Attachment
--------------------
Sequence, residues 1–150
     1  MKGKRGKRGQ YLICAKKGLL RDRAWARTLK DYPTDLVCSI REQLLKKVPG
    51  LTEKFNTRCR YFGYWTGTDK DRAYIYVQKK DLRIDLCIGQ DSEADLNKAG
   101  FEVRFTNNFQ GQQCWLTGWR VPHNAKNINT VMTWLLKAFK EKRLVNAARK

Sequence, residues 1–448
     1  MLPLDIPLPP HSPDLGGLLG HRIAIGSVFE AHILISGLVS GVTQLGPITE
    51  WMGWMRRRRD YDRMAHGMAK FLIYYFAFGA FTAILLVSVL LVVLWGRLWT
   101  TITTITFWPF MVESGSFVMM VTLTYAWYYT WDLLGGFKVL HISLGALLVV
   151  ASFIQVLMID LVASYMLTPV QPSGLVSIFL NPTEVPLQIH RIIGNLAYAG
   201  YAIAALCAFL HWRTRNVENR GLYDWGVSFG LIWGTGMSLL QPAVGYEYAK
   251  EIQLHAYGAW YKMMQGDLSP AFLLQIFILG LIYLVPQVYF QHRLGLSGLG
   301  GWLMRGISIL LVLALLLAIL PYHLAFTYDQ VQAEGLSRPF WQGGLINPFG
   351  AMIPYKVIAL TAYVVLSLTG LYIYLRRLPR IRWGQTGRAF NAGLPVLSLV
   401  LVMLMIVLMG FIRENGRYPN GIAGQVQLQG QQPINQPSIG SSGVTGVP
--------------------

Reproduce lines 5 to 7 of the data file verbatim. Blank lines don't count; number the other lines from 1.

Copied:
Sequence, residues 1–448
     1  MLPLDIPLPP HSPDLGGLLG HRIAIGSVFE AHILISGLVS GVTQLGPITE
    51  WMGWMRRRRD YDRMAHGMAK FLIYYFAFGA FTAILLVSVL LVVLWGRLWT